More than 5,100 protesters detained in Russia

More than 5,100 protesters detained in Russia

Russian security forces arrested more than 5,100 people on Sunday at demonstrations to demand the release of jailed opposition leader Alexei Navalny.

Riot police dispersed protests across the country in support of Putin’s critic Alexei Navalny, detaining more than 5,100 people who had taken to the streets to demand he be set free.

The protesters, who took to the streets in 35 Russian cities in temperatures as frigid as minus-50 Celsius, demanded the release of opposition leader Alexei Navalny.

The protestors were roughly dragged off by helmeted riot officers to police buses and detention trucks.

The demonstrations stretched across Russia’s vast territory, from the island city of Yuzhno-Sakhalinsk north of Japan and the eastern Siberian city of Yakutsk.

Russian authorities made extensive efforts to stop the flow of demonstrations after tens of thousands of people gathered nationwide at Russia’s largest anti-government protests.

Meanwhile, the European Union the United States criticized widespread detentions in Sunday’s protests in support of Russian opposition figure Alexey Navalny.

" I deplore widespread detentions and disproportionate use of force against protesters and journalists in #Russia again today. People must be able to exercise their right to demonstrate without fear of repression,“ the EU's foreign policy chief Josep Borrell said, also urging Russia to comply with its international commitments.

“The U.S. condemns the persistent use of harsh tactics against peaceful protesters and journalists by Russian authorities for a second week straight. We renew our call for Russia to release those detained for exercising their human rights, including Aleksey Navalny,” tweeted Antony John Blinken, the US Secretary of State.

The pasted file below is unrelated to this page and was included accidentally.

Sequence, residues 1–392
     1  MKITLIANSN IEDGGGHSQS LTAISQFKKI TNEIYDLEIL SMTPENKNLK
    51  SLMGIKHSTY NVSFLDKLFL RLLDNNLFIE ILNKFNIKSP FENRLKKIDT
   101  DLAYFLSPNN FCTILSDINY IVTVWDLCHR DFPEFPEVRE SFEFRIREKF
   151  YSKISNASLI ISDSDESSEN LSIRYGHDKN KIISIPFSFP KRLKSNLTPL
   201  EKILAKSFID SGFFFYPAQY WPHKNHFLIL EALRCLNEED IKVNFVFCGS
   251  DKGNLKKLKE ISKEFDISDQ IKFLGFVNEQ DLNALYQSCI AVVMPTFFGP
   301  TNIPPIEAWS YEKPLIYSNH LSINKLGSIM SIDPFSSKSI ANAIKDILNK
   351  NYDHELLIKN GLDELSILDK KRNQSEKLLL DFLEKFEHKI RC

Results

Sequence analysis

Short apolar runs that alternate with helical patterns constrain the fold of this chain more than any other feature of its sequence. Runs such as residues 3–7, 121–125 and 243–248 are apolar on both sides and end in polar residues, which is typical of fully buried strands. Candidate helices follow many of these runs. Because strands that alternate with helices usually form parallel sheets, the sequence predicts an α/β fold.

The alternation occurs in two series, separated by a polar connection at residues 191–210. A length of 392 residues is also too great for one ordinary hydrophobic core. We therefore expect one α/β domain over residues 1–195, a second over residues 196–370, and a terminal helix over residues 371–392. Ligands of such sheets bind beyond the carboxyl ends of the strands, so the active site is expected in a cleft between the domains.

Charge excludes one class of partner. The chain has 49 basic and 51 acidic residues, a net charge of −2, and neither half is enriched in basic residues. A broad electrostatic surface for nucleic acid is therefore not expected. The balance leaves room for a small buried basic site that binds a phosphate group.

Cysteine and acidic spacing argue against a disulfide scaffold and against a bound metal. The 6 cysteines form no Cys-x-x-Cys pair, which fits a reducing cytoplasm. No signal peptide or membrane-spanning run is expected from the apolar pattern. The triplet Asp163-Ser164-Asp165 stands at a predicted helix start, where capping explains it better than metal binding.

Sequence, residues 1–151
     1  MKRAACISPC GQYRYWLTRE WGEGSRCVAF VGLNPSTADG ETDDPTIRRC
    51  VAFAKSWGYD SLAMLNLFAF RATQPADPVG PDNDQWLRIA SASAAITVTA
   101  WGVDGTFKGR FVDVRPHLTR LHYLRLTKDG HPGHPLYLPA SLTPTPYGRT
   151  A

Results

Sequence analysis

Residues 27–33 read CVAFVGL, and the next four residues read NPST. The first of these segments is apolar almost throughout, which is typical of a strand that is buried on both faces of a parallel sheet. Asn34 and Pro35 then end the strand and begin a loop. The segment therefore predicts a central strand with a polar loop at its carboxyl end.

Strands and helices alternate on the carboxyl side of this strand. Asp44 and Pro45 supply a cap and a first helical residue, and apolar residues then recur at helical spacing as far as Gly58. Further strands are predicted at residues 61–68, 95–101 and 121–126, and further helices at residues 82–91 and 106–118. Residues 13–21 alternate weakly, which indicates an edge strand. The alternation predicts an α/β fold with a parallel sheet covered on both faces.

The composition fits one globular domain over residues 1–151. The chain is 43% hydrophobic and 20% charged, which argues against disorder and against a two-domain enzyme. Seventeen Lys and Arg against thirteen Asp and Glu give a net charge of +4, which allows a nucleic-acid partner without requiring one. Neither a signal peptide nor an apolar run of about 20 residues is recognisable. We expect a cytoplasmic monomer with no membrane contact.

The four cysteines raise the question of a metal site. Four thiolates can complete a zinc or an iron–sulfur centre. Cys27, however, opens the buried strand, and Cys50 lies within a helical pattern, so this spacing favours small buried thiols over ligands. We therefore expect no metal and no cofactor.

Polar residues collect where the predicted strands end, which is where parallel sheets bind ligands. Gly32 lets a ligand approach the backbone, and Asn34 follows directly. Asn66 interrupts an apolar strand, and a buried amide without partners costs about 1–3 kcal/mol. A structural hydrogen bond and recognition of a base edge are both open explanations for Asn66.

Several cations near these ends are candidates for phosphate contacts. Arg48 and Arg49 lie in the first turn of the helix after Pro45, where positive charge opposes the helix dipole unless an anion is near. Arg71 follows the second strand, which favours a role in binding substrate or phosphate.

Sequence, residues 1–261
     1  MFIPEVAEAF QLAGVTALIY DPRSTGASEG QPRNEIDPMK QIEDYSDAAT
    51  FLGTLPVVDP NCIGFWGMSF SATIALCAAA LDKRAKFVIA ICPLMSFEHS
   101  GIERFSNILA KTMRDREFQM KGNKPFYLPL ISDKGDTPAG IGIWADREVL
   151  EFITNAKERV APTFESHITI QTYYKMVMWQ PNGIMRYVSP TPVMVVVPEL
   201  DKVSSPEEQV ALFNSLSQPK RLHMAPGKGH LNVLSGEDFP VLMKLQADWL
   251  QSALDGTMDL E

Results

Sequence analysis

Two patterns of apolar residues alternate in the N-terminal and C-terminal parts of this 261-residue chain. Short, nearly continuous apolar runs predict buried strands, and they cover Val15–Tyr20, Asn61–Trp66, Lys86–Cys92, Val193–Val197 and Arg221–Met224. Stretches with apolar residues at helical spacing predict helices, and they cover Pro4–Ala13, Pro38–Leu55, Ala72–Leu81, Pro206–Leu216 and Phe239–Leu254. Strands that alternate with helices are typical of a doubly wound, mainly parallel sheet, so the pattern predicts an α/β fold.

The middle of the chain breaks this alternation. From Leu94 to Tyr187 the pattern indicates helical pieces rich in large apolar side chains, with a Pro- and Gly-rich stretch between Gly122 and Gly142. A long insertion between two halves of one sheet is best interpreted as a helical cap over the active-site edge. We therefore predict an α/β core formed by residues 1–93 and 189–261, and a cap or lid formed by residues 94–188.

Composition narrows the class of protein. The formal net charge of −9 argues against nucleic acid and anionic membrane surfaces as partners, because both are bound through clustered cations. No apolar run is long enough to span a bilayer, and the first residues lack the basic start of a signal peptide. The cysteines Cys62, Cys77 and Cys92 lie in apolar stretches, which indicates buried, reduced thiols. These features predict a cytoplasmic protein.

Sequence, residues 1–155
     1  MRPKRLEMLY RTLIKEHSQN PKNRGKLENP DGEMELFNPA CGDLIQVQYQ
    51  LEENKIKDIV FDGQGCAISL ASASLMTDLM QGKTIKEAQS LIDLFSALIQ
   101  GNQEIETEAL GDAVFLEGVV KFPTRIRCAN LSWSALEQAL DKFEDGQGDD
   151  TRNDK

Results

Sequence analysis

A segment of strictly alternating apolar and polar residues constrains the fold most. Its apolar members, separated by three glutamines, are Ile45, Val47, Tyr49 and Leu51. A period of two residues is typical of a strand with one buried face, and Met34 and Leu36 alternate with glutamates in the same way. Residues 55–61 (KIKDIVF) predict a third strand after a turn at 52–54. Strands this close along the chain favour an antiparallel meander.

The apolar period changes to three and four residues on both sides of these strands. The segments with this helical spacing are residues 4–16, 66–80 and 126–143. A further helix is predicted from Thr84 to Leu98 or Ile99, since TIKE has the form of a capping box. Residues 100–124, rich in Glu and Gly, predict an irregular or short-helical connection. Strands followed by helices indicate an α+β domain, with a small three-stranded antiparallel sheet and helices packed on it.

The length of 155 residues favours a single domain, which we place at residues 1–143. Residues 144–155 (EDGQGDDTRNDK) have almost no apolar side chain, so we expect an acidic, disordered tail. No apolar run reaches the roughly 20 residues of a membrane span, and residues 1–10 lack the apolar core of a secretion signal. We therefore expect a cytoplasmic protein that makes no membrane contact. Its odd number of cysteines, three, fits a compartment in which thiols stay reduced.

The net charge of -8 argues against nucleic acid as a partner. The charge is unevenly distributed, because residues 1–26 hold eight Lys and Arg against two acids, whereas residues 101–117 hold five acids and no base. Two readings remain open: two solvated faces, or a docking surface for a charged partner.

Who is Alexei Navalny?

Alexei Anatolievich Navalny is a Russian opposition leader, politician, lawyer, and anti-corruption activist. He came to international prominence by organizing demonstrations and running for office, to advocate reforms against corruption in Russia, Russian President Vladimir Putin, and Putin's government. Navalny has been described as "the man Vladimir Putin fears most" by The Wall Street Journal.

Putin avoids directly referring to Navalny by name. Navalny is a Russian Opposition Coordination Council member, the leader of the Russia of the Future party, and the founder of the Anti-Corruption Foundation (FBK).

In a 2011 radio interview, he described Russia's ruling party United Russia as a "party of crooks and thieves", which became a popular epithet. Navalny has been arrested several times by Russian authorities.

He received two suspended sentences for embezzlement in two cases, one in July 2013 and another in December 2014. Both cases are widely considered to be politically motivated and to bar him from running in future elections.

The European Court of Human Rights (ECHR) ruled that the cases violated Navalny's right to a fair trial, however, they were never overturned. In total, Navalny won 6 complaints against the Russian authorities in the ECHR for a total of €225,000.

In 2013, he ran in the Moscow mayoral election and came in second, with 27% of the vote, losing to incumbent mayor Sergey Sobyanin, a Putin appointee.

In December 2016, Navalny tried to run for President of Russia during the 2018 election but was barred by Russia's Central Electoral Commission and later the Supreme Court of Russia due to a criminal conviction.

In March 2017, Navalny and the FBK released the documentary He Is Not Dimon to You, accusing Dmitry Medvedev, the then prime minister and former president of Russia, of corruption, leading to mass protests across the country.

In January 2021, they released the documentary Palace for Putin, accusing Putin of corruption, leading to mass protests across the country.

On 20 August 2020, Navalny was hospitalized in serious condition after he was sickened with a nerve agent during a flight from Tomsk to Moscow. He was medically evacuated to Berlin and discharged on 22 September. Russian prosecutors have refused to open a criminal investigation into the matter.

Though the Kremlin denied involvement in his illness, the EU and the UK responded by imposing sanctions on six senior Russian officials and a state chemical center.

On 17 January 2021, he returned to Russia, where he was immediately detained on accusations of violating the terms of a suspended jail sentence.

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